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If anyone out there is suffering from the illusion that your medical records are accurate, let me clue you in. The chance that your records contain substantive errors is about 75%. The chance that your records are error free is within the margin of error for 0%.

Doctors and their staff maintain, and I use that word loosely, your records as if they are only for their use and will never be seen by anyone outside of their office. Given that point of view, things like updating family or social history, or asking you to review your records occasionally to help avoid errors, just aren’t in the cards. They just want to stuff it in there and get it back on the shelf.

Case in point is a client who quit smoking about a year and a half ago. He applied for life insurance and even though his labs showed negative for nicotine use, his records indicated that he was attempting to quit and having a very challenging time of it. This entry was 9 months after he had quit. The same entry under his social history was there from the year before. They never bothered to update the social history and he didn’t think, since they didn’t ask, to bring it to their attention. The life insurance underwriter deferred to the records and offered my client a smoking rate.

Once we found this error, a very common error of dragging information forward from one visit to the next without updating, he came across more errors. According to the family history both of his parents were deceased. This was news to him since he had just spent a weekend with them. The errors have now been corrected and we were able to get the smoking rate changed to non smoking and his parents are no longer dead.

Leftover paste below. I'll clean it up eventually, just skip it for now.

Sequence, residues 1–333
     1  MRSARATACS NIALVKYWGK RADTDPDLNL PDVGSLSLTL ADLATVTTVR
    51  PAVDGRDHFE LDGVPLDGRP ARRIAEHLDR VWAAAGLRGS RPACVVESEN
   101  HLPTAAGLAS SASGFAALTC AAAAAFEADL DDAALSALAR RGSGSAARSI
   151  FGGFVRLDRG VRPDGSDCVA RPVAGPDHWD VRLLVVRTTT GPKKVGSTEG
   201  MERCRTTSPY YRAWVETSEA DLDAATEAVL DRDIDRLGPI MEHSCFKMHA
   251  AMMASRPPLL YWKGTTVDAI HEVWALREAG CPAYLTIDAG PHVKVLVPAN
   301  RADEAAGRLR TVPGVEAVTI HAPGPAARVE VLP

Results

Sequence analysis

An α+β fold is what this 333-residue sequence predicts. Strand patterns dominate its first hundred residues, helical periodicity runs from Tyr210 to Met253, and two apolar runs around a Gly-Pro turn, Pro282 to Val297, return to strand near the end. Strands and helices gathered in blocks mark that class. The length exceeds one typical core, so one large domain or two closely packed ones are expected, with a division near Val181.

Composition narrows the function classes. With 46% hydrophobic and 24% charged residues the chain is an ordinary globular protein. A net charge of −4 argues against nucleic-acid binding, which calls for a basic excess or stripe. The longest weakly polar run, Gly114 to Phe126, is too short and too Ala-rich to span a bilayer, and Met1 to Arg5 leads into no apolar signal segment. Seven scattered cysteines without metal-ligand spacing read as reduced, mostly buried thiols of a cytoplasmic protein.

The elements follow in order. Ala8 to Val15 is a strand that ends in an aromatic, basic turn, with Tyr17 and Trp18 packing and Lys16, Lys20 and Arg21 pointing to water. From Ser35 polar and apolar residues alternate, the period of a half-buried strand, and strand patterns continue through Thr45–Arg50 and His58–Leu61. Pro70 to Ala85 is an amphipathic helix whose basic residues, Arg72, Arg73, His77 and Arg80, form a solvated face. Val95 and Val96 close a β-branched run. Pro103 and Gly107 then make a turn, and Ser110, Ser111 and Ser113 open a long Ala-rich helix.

Just like your credit record, your medical records need to be reviewed occasionally. It may not be the most exciting weekend activity you’ve ever come up with, but the longer errors are left alone, the less likely you will find them and the less likely that you can get them corrected. Doctors aren’t real big on correcting old errors when it is a you said/he said a long time ago situation. The best practice is to ask your doctor or nurse to scan or fax you a copy of the completed notes after any office visit. A fresh error is easily corrected.

Bottom line. Getting an error corrected mid underwriting is tough. Doctors don’t jump on these tasks as top priority. They also don’t like changing records because that is admitting that they did something wrong and they see malpractice written all over that admission. And underwriters, rightly so, are often a little skeptical about changes in records that occur during underwriting. They, depending on the error, might see it as a manipulation of the system to improve your perceived mortality risk.